//Make a capital letter "heading" when letters change
if (lastCharacter != theUpperChar) {
<h2><a name="@theUpperChar">@theUpperChar</a></h2>

<a href="@r.url" target="_blank"></a>

if (!string.IsNullOrWhiteSpace(r.twitter)) {
var twitter = r.twitter.Replace("@", String.Empty);
<text>&mdash;</text> <a href="">@twitter</a>
lastCharacter = theUpperChar;

And the "do it" code ended up being:

string result = Razor.Parse(template, sortedRockers);
File.WriteAllText("2013list.html", result);

StringBuilders are fine, to a point. When it gets hairy, consider a templating engine of some kind.

Step 3 - Upload a File with FTP with C#

Now what? They want the little app to upload the result. Mads Kristensen to the rescue 7 years ago!

private static void Upload(string ftpServer, string userName, string password, string filename)
using (System.Net.WebClient client = new System.Net.WebClient())
client.Credentials = new System.Net.NetworkCredential(userName, password);
client.UploadFile(ftpServer + "/" + new FileInfo(filename).Name, "STOR", filename);

Then it's just

Upload("", "UserName", "Password", @"2013list.html");


You can see that this is largely a spike, but it's a spike that solves a problem, today. Later we can build on it, move it to a server process, build a front end on it, and come up with more ways for them to keep  using tools like Google Spreadsheet while better integrating with their existing websites.

Consider donating your coding time to your favorite local charity today!

About Scott

Scott Hanselman is a former professor, former Chief Architect in finance, now speaker, consultant, father, diabetic, and Microsoft employee. He is a failed stand-up comic, a cornrower, and a book author.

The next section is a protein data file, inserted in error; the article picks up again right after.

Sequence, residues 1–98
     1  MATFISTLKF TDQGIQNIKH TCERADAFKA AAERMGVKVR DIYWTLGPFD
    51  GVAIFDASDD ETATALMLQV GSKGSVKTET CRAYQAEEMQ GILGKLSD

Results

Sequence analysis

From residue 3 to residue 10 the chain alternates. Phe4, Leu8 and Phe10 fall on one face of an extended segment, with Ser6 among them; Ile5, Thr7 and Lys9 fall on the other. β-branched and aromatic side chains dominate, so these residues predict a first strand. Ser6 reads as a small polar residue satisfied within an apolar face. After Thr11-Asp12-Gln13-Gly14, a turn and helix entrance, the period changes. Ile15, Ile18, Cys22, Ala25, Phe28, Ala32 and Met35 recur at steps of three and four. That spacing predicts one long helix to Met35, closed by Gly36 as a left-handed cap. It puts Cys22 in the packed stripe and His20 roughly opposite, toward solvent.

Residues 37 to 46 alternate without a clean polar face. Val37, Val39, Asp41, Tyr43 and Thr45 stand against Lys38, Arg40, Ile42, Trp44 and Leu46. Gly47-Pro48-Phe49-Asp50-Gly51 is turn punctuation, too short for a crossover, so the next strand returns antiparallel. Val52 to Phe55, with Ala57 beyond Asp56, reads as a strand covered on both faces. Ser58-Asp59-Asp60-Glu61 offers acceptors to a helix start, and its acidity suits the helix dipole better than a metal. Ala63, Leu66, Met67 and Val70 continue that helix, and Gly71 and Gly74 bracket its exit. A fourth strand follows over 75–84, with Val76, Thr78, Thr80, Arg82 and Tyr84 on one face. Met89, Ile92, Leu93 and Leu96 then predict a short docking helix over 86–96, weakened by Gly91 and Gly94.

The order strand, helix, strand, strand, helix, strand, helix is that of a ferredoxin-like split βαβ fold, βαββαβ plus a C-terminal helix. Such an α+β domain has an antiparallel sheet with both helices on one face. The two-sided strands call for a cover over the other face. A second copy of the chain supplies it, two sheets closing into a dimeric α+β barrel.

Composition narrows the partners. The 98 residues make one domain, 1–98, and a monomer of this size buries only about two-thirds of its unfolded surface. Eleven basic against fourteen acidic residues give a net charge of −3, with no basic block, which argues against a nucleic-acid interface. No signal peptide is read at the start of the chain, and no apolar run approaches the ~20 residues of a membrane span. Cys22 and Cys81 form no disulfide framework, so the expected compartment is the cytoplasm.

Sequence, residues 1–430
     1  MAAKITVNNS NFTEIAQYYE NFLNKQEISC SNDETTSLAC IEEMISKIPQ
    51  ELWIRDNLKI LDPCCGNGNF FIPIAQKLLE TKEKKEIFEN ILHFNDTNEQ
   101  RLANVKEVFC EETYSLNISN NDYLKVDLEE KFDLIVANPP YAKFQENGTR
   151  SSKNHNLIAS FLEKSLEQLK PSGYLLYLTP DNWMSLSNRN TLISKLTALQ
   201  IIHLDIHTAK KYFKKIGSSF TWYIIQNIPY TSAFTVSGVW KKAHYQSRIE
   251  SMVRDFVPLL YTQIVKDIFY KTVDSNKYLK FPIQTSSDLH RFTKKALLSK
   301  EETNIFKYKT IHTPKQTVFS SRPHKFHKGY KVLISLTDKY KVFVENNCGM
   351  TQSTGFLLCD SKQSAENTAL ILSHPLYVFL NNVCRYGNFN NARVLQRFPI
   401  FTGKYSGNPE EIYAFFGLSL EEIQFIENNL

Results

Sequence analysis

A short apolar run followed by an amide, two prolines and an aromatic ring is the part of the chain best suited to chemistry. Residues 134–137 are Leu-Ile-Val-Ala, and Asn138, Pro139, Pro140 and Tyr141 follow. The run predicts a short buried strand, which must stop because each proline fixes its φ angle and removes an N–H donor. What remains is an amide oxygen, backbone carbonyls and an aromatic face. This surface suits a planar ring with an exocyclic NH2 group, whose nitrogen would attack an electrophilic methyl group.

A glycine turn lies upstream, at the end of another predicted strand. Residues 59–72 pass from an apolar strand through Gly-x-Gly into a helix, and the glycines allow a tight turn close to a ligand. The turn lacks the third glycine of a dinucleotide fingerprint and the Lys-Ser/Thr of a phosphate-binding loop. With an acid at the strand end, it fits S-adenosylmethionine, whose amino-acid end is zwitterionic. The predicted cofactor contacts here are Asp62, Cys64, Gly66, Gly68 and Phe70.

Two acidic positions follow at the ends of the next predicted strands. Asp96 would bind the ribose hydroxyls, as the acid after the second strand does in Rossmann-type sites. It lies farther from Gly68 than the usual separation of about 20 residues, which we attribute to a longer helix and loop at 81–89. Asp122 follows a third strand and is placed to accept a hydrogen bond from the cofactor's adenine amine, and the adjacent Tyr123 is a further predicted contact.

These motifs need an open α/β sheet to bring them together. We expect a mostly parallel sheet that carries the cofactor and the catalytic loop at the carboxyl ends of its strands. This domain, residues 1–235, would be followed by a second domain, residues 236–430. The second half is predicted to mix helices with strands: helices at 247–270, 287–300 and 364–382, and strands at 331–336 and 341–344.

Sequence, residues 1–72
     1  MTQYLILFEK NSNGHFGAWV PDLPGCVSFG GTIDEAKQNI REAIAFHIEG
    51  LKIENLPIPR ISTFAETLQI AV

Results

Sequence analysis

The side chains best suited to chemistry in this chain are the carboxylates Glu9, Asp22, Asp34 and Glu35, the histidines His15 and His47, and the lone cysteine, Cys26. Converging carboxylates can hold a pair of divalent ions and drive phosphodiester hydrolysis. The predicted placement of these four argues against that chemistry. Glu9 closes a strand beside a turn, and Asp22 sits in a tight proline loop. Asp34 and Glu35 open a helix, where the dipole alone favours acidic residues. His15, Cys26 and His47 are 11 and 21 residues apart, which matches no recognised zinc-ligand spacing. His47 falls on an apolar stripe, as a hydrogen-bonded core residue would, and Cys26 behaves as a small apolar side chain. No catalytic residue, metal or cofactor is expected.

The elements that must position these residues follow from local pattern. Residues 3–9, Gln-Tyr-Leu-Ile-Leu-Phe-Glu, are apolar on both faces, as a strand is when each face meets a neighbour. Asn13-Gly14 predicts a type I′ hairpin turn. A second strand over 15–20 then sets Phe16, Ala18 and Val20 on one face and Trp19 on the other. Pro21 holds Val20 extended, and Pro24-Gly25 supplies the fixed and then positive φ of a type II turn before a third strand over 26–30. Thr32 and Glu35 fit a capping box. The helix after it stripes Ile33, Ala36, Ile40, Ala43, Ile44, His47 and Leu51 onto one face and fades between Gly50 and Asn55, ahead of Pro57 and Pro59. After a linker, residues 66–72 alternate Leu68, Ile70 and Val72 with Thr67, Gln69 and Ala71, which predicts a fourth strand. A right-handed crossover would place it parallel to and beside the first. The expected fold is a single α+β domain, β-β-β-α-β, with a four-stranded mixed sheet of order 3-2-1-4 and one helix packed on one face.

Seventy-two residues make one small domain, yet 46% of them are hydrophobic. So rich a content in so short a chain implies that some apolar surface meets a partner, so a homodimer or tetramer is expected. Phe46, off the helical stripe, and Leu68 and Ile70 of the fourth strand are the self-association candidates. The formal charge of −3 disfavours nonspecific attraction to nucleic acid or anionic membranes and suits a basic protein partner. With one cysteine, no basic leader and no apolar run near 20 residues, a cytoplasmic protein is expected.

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January 10, 2013 5:01
Very help full nicely compiled article.
January 10, 2013 5:24
Thanks for sharing this. Did you by any chance record your pairing session? Would have made for a nice screen cast.
January 10, 2013 5:36
How did you go about getting involved with the charity?
January 10, 2013 11:10
January 10, 2013 14:21
To get involved in charities in the UK, there is a good site:

Not just for devs, but sys admins, general tech as well!
January 10, 2013 14:41
Just imagine the impact you could have on so many charities with the application of proper IT solutions!
January 10, 2013 18:06
Awesome. Participated in GiveCamp the one year it happened near my area and have been looking forward to doing it again soon. Any tips for finding local charities that need work?

I've used @functions for defining reusable methods but simply @{ ... } has also worked fine for me when defining a variable scoped to the view. Are there advantages to using @functions{} instead of @{}? (Note: If we flipped the question around, I'm not aware of any advantages to @{} over @functions{}, so not trying to call something out here - honestly wondering if I've missed a reason for using one over the other).

char lastCharacter = '0';
January 10, 2013 20:33
Coding organizations like this is not only a good way for us to give to a good cause, but I've found that it's also a good way to exercise my brain in ways I don't at my job.

I built a tool for a school music program to run the fundraiser auction that they host every year. It's nothing like what I do for my job so I had to actively think outside my day-to-day box.
January 11, 2013 0:26
David - Ah! I suspect they are the same. I didn't try just @{}.

Kevin - I just asked them about their process and had them explain in, and when they described something that sounded tedious I said, hm, do you have any interest in me helping write a program to fix that for you?

Jose - I should have. Good idea!
January 11, 2013 0:31
nice ,but why only women and girls , what about men and boys with HIV , are they not important ?
January 11, 2013 0:35
Every charity has their focus. There are charities for specific groups, specific locations. As these are ladies that organized the charity, I suspect that women and girls are an area that they feel they can speak to and help with. There's nothing wrong with specialization.